So there we are, sitting in church. No seriously. We belong to a church. Me. And Jim. We go to church. No really. This is new for me, newer for Jim, and unfortunately and much to my own surprise, he is far more open to it than I am.

So there we are, sitting in church, and much as I did back in my grade school days at St. James, I found myself sitting in church and being as judgy as possible. If you could peek inside my mind, my thought process was something like this:

Why is that woman wearing that SHIRT? Lady, that haircut is doing you no favors. Maybe next time they could get less tone deaf people in the choir. That kid needs to be smacked… oh man, his Dad shouldn’t hit him so hard in church! Man, I want a taco. You don’t have to be rich, to be my girl, you don’t have to be coooool, to rule my world….

Yeah, that weekly time of reflection… I generally use it to daydream and give random strangers the stink eye. Godly? Not so much, I guess. But I do tend to pay attention from time to time. My loss of ability to pay attention usually happens when the choir is on the fifth verse of a song that was too long at verse number two — and you just KNOW they’re going to hit the chorus again, twice. For some reason, I revert to the attention span of a first grader when this happens.

But yesterday, we got to the second reading, and it came from James. It compared the tongue to the rudder of a ship, that a ship needs huge sails and strong winds to move, but the tiny little rudder is what actually guides it. Much the same way as you have this body and this life… but how you speak determines where you go. “From the same mouth come blessing and cursing,” the passage read.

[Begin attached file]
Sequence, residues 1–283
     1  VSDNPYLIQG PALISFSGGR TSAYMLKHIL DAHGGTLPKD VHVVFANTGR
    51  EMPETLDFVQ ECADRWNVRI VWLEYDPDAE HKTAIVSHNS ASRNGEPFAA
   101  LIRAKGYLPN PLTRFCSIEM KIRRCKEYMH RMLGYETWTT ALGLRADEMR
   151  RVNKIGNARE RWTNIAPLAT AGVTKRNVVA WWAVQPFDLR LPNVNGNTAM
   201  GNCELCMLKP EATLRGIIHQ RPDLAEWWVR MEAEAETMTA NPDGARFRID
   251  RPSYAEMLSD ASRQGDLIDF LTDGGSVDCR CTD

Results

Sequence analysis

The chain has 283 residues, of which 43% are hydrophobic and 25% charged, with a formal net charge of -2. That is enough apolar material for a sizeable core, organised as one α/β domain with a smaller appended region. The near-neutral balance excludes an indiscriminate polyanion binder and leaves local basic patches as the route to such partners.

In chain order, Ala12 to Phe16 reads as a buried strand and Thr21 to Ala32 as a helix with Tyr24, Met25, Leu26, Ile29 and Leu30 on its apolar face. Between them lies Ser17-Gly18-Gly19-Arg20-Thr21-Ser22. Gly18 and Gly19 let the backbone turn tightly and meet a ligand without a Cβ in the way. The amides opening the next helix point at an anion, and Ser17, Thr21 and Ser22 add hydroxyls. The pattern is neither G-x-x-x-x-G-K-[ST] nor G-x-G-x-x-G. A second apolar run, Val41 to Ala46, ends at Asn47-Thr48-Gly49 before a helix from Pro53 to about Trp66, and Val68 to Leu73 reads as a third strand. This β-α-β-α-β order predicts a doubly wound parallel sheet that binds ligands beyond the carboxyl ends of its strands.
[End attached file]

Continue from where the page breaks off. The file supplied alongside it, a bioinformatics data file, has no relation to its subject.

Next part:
Naturally, I found the reading very political. It immediately made me think of Mr. Joe Wilson and his shout-out at the President the other day.


It made me think of the moral superiority that people in this country believe they have versus the rest of the world. It made me think of Keith Olbermann referring to Mr. Wilson as “stupid,” and of Glen Beck referring to the President as a “racist.” It made me think of a little girl committing suicide because a grown woman, disguising herself as a teen boy, was cruel to her on Facebook. It made me think of the kid we harassed mercilessly at St. James. It made me think of Rush Limbaugh’s nastiness toward the President, and Al Franken’s nastiness at Rush Limbaugh.

Naturally, there are some people who rip apart others, and I think, “right on.” And at other times, I think, “well, how dare them!” But while I found myself agreeing with the passage, that it “ought not be so” that we curse some and bless others with the same tongue, I also thought, it’s impossible NOT to. It’s impossible not to curse those who hurt you, and praise those who help you. It’s impossible at least for me.

I considered that maybe I was taking the passage too seriously, too literally. That it wasn’t about forcing us to NOT speak badly, to NOT be judgy, but instead, to think about it before we speak, because our words have consequences. Like, say, if you utter out nastiness at the President before thinking about it, suddenly your opponent has an additional $1 million in his campaign fund. Or when you call the President a racist, your advertisers don’t like you so much.

But then again, when you spout hate against the President every day, sometimes you are rewarded with a huge audience and an eight-figure checking account. And when you write books calling someone a “big fat idiot” in the title, you are sometimes rewarded with a seat in the United States Senate.

So what gives? This is the kind of thing I struggle with as we return to church these days, is understanding the lessons brought forward. I hate to be so cynical, but sometimes I think, get real already. It’s naive to think we can all just be nice to each other. It’s just not going to happen.

But I’ll continue to sit in church on Sunday. Not because I am looking for absolution. But hopefully, I’ll start taking the lessons to heart, and hear them as a way to live rather than as a political commentary. I’ll try to listen to the whole thing, rather than get lost in Prince songs and dreams of Taco Bell swirling around my head. I’ll try to ignore the fashion choices of the woman sitting in front of me.

I guess we’ll just see where this goes.